5 Reasons You Are Witnessing Offer Declines And How To Improve Them

After days of scrutinizing hundreds of resumes and conducting countless interviews, you finally find your perfect candidate. And just when you are ready to offer the good news, the candidate rejects your offer. It’s an irritating scenario many HR professionals dread because they not only have lost the candidate of choice but are now back to square one, with no more energy and time. 

Start-ups today, especially in Silicon Valley, are flourishing and that has led to increased talent density in the market. Jobseekers are spoilt with job options, especially top talents, allowing them to obtain more leverage than they have ever had in years. And therefore, a major concern for the recruitment industry today are the high rates of offer decline ratios.

What could be the reason behind candidates refusing offers? Let’s find out

1. Unclear Job Descriptions

The Great Resignation has given us a clear picture of what employees’ expectations are today, and that they will not compromise on them. This expectation is set right from the time they start looking for a new job – and that is where the job description comes into the picture. 

One of the biggest reasons people turn down an offer is because they don’t have clarity about the role and more importantly, the company culture. The Job Description is the first point of communication with a candidate and if it is confusing, too idealistic or unclear, the candidate will simply move on to the next one.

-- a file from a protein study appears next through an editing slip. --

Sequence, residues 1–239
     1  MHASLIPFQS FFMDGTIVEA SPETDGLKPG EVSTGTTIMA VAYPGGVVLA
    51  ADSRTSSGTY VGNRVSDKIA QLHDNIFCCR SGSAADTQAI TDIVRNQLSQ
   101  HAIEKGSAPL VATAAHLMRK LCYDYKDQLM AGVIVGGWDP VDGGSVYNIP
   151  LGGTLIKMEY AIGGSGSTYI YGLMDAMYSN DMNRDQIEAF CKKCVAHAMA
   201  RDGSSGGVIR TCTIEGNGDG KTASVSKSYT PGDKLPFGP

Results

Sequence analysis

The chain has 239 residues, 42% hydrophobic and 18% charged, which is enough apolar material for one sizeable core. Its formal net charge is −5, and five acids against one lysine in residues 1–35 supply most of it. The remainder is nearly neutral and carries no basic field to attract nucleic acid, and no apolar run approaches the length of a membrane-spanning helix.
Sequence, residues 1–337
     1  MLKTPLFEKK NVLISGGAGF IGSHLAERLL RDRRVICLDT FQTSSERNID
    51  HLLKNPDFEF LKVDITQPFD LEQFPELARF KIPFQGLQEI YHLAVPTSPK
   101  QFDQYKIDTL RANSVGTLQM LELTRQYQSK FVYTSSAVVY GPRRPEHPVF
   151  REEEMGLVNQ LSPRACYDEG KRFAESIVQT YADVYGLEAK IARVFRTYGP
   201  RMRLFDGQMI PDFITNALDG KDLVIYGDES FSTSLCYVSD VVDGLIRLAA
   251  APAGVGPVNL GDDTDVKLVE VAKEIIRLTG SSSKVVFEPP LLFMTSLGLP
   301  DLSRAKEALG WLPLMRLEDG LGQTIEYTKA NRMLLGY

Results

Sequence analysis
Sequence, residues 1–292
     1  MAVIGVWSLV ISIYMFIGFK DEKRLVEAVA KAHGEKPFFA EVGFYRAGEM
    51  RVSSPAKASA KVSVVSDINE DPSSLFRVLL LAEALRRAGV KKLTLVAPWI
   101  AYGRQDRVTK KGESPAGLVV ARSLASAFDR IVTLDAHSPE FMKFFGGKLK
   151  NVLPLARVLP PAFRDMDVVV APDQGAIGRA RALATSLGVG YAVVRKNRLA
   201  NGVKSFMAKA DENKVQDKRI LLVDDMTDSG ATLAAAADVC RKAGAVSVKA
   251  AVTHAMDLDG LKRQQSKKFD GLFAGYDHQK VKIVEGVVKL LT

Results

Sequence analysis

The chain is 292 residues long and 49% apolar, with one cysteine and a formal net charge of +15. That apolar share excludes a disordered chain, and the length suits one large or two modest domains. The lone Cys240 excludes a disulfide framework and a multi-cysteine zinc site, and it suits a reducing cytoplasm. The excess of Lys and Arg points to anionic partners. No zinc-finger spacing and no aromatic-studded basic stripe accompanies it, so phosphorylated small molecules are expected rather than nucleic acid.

Always ensure that communication to the candidate is not done in a ‘company first’ language but rather in a ‘candidate first’ tone’. Write what you actually demand from the candidate in that position. Tell him what’s in it for him – growth, opportunity, learning, or anything else. Remember, do not exaggerate or sketch a murky picture and stay as real as possible.

2. Painting An Unrealistic Picture For The Candidate

Recruiters often go overboard and tend to over-promise. What happens as a result is that candidates get impressed and start imagining the work environment, the boss, future opportunities and more. But once they start on the new job, they encounter the reality which is largely away from what they had dreamt about. The disappointment grows and at a certain point in time, one starts exploring other opportunities and walks out of the job.

On the other hand, the employer organization loses invaluable time and money. The candidate starts working hurriedly looking for alternatives leading to poor performance at work and disappointing results for the employer organization.

It is hence critical that you do not adopt any shortcuts in the recruitment process. Invest time and effort in discussion with the candidate such that a realistic picture of the job is communicated to him. 

3. An Interview Process That Takes Too Long

The average interview process takes an average of 23.8 days, but this varies greatly depending on the role. Executive positions and higher management roles require a series of interviews and tests, all of which will extend the total time from application to offer. During this time, your candidate is bound to get other offers. If you’re not fast enough, there’s a high chance you’ll lose them.